Further, the skills inherent to “new-collar jobs” suit younger workers well, especially Gen Z (born between 1997 and 2012). The term new-collar workers, coined by IBM CEO Ginni Rometty, refers to those with a mix of technical and soft skills attained through nontraditional educational paths to work in technology industries. Attractive to Gen Z folks, and others: Workers responsible for programming and operating robots and other automation equipment earn higher-than-average starting pay, receive good benefits, and often do not need a 4-yr. degree.

Many educational institutions, including community colleges and vocational schools, already have developed programs to train a generation of new-collar workers on how to program and maintain automation equipment and robots. Similarly, some manufacturers have started to offer training programs to prepare new-collar workers on the job. GE, for example, has begun to train its welders to program robots. Its employees often tout the training as a way to learn new skills, retain their jobs and ease the burden of manual labor.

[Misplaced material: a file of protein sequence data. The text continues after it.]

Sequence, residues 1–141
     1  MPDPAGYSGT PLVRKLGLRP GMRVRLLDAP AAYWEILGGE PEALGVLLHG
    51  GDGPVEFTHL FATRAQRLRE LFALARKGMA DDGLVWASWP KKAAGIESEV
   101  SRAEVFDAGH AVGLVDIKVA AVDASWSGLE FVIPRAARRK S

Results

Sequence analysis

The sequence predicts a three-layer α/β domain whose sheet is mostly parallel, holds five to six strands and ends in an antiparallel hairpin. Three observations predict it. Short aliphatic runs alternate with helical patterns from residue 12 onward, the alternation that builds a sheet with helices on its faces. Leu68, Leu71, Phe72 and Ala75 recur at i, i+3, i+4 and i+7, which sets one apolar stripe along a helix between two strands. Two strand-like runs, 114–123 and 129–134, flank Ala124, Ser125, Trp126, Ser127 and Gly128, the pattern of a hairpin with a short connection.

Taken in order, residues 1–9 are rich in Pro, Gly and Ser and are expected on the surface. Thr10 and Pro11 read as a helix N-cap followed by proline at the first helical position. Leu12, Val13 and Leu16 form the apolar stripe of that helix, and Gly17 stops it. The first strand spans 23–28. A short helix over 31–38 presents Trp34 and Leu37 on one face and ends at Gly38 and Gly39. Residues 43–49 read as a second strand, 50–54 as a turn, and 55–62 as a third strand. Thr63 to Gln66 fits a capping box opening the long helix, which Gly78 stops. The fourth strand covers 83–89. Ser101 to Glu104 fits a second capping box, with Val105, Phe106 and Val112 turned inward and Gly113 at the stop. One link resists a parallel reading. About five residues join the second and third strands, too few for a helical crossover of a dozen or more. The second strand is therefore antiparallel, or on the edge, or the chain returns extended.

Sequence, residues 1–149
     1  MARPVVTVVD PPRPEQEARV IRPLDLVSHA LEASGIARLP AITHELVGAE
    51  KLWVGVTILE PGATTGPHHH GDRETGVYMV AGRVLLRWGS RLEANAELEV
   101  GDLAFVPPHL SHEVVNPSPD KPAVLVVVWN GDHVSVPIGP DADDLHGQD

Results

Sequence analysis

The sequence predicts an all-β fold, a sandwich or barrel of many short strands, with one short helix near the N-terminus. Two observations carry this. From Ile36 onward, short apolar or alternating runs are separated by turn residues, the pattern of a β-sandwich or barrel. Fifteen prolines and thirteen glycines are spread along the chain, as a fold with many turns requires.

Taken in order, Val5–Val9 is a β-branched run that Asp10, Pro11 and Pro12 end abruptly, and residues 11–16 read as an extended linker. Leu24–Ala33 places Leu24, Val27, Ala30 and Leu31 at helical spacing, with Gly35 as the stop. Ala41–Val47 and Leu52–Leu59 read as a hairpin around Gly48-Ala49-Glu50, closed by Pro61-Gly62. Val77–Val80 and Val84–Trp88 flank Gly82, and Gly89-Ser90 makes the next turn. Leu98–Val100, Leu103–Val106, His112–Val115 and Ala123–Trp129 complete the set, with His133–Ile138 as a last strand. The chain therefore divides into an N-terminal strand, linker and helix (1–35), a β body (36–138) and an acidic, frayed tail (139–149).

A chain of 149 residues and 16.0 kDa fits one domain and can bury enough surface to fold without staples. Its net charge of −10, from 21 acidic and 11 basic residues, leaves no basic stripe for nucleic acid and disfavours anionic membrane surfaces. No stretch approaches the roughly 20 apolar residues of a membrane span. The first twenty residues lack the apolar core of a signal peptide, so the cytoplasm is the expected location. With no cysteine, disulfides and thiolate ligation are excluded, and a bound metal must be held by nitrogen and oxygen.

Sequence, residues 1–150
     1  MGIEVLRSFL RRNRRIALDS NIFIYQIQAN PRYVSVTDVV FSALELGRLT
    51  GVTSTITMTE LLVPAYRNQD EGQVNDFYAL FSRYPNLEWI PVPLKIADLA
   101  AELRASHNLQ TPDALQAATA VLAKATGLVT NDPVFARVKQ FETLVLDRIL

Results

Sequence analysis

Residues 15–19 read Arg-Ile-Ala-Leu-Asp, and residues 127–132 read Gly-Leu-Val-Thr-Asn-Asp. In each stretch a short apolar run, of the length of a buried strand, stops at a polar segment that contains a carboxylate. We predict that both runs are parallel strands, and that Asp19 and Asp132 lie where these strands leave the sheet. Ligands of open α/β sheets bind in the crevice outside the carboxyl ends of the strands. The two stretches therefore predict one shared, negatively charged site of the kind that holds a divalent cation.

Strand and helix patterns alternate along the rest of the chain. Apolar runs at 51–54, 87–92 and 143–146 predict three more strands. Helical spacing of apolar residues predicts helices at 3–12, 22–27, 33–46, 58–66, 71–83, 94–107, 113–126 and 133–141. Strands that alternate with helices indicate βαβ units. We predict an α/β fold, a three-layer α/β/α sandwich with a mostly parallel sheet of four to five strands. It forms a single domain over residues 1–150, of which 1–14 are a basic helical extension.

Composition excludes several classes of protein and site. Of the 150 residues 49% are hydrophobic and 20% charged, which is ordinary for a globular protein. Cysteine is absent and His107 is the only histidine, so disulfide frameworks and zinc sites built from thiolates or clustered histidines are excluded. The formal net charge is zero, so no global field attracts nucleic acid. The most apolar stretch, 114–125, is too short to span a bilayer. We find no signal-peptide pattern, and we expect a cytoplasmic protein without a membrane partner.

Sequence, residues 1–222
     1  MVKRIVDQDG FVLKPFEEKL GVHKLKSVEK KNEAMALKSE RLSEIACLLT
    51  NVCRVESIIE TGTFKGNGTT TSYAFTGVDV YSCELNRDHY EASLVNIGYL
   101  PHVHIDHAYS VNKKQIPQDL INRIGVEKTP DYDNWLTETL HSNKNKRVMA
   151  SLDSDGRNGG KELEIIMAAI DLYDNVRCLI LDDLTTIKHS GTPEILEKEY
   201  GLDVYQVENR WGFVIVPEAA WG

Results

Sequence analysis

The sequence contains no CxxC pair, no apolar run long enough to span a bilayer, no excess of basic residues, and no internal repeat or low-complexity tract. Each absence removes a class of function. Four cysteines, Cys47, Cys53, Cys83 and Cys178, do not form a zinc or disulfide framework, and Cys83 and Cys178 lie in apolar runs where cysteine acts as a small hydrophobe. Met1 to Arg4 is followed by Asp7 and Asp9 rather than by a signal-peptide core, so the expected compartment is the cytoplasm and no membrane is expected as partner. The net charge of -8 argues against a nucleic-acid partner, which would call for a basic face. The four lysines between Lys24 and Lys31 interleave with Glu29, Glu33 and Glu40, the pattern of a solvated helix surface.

With a labor shortage and escalating demand putting pressure on the welding industry, manufacturers need to find innovative ways to create efficiency and improve productivity. While expanded recruitment efforts to reach a new generation of workers remain crucial, additional solutions such as implementing robots can help bridge the gap and improve the bottom line. MF

Industry-Related Terms: LASER
View Glossary of Metalforming Terms


See also: KUKA Robotics Corp.

Technologies: Pressroom Automation, Welding and Joining


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